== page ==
If you’ve been advised you need a colposcopy you may be anxious and wondering what the procedure entails. A colposcopy is a fairly simple procedure which enables specialists to examine your cervix, which is the bottom area of the uterus located at the top of the vaginal passage.
When is a colposcopy recommended?
Very often, colposcopies are advised if abnormal cells are discovered during regular smear testing. It’s often the case that these abnormal cells go away on their own, but a colposcopy examination is recommended in order to ensure there’s no risk that the cells could develop into cervical cancer.
Your procedure will provide confirmation on whether the cells actually are abnormal, and also help clinicians make decisions on whether any further treatment will be needed.
The reasons for a colposcopy include:
– if some cells tested when you were screened seemed abnormal
– if after several screening tests, the relevant clinician felt your cervix had an unhealthy appearance and the results were unclear
You may also be referred for colposcopy if you experience vaginal bleeding, for example after sexual intercourse.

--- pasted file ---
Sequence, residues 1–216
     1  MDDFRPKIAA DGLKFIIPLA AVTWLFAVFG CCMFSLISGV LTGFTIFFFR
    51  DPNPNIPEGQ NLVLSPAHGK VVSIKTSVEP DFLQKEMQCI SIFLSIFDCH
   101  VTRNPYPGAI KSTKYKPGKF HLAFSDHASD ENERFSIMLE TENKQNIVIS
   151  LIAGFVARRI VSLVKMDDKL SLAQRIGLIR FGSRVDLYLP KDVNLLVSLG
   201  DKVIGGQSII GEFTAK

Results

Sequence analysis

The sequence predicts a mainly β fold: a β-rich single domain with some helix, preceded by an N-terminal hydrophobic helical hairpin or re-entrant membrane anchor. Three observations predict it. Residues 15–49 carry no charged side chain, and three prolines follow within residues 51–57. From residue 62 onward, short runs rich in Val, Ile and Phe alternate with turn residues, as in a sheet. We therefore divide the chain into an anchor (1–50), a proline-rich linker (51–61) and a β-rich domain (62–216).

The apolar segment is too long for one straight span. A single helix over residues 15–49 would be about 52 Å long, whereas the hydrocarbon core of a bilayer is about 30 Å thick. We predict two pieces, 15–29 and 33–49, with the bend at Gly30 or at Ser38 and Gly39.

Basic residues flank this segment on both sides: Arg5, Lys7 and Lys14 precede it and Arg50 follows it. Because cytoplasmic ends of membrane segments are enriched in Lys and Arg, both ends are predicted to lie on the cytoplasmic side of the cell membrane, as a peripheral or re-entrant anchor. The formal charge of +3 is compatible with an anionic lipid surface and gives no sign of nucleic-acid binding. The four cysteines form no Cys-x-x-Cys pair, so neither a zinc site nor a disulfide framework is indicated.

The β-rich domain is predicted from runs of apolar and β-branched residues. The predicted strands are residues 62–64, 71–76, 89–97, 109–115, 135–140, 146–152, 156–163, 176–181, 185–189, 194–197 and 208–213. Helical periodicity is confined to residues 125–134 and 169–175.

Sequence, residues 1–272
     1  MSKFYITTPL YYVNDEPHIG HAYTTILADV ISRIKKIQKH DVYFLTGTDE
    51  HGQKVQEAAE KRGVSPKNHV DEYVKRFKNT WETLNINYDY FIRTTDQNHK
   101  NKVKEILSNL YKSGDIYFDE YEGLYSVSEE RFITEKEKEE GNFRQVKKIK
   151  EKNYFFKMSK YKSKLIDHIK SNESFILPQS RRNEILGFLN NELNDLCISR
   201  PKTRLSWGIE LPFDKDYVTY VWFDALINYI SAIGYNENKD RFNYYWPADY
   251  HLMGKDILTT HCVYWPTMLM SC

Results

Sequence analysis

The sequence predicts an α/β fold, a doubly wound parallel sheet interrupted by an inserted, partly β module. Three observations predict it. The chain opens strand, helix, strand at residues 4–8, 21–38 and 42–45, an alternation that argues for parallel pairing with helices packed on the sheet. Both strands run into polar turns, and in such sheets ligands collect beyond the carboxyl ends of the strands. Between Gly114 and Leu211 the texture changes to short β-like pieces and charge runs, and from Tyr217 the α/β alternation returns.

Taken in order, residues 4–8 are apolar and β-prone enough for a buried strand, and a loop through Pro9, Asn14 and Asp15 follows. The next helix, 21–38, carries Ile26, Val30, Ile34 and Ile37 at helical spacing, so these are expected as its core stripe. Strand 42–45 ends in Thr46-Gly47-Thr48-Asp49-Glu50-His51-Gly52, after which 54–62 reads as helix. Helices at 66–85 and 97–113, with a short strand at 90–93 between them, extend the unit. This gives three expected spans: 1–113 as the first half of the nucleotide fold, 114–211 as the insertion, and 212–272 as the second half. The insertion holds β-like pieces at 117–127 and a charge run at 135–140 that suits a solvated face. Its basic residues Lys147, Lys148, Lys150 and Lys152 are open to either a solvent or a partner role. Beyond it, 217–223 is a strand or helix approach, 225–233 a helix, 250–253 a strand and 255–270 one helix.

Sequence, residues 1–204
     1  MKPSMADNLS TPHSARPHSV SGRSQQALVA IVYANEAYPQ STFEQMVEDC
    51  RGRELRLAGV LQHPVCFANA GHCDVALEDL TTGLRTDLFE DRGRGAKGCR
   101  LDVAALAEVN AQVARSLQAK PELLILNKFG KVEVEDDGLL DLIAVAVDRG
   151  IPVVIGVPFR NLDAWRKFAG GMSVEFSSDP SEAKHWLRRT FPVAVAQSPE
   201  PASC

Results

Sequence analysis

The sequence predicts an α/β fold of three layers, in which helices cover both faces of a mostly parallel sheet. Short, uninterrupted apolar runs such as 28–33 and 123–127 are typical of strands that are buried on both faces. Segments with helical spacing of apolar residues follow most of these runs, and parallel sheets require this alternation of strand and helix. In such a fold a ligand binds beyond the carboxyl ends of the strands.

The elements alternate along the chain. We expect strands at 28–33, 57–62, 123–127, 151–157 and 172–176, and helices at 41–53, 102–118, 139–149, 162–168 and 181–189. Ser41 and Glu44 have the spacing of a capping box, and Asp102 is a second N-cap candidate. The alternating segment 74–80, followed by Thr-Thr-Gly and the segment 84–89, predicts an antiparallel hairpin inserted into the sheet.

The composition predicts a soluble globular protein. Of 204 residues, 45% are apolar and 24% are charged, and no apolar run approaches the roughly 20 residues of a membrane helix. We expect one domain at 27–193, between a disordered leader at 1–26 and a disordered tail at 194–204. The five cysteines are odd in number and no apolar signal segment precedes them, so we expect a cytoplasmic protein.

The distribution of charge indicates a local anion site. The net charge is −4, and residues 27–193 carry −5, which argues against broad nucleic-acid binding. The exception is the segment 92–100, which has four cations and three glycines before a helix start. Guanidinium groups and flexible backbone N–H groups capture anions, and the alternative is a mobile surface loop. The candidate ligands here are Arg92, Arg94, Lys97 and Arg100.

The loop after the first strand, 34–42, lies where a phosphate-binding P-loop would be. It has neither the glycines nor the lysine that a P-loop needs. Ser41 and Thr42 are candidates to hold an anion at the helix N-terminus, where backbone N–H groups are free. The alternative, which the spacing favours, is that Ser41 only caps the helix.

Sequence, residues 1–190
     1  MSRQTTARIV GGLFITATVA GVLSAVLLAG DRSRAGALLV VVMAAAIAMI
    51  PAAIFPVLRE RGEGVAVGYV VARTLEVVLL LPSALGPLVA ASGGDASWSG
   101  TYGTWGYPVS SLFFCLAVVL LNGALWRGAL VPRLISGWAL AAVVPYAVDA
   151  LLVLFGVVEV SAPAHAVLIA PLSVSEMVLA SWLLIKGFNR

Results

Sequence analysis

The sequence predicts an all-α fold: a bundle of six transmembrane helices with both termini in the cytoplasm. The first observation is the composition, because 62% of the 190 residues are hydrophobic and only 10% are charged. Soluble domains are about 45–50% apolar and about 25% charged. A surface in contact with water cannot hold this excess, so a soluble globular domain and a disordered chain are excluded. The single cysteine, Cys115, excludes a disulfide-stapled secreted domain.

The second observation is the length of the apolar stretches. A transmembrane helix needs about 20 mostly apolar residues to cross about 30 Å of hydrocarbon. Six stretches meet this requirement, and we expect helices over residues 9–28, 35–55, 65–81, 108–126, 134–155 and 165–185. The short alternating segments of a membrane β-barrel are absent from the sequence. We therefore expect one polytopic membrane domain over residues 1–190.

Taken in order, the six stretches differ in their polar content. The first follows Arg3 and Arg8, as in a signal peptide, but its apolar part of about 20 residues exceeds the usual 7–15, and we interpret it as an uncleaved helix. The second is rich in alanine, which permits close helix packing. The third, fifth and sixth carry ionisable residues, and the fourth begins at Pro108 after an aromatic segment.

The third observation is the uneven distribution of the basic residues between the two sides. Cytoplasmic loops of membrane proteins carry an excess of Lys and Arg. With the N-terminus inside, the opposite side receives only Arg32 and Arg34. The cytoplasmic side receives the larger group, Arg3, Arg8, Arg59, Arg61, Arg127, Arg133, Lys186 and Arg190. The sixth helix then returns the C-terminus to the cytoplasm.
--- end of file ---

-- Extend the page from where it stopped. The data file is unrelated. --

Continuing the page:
What happens in the colposcopy?
This procedure usually only takes around 20 minutes and you won’t need an overnight stay. The procedure involves:
– undressing from the waist down and lying back in a chair which has padded supports for your open legs
– like in the smear test procedure, a speculum is put inside your vagina to open it up
– a microscope with light is used to inspect your cervix, however, this does not enter your body at all
– if abnormal areas are identified, liquids are applied to highlight them further
– a biopsy may be taken at this time, and this will be sent to the lab for examination
Sometimes, immediate treatment is offered to remove abnormal cells, however, when in doubt clinicians will always wait until biopsy results are returned.
Dr Tania Adib is a London based clinician and offers specialist colposcopy services on a private basis. She is the Lead Clinician for both colposcopy and Gynaecological Oncology at Queens Hospital. If you’re on a waiting list for a colposcopy procedure, and would like to opt for the specialist professional services of Dr Adib, please don’t hesitate to get in touch for more information.